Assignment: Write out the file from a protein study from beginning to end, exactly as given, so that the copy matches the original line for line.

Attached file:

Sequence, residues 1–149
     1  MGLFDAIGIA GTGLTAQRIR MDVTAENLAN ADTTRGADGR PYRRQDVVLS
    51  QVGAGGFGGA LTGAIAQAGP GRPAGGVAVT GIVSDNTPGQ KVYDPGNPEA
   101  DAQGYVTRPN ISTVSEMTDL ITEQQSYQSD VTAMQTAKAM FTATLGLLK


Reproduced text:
Sequence, residues 1–149
     1  MGLFDAIGIA GTGLTAQRIR MDVTAENLAN ADTTRGADGR PYRRQDVVLS
    51  QVGAGGFGGA LTGAIAQAGP GRPAGGVAVT GIVSDNTPGQ KVYDPGNPEA
   101  DAQGYVTRPN ISTVSEMTDL ITEQQSYQSD VTAMQTAKAM FTATLGLLK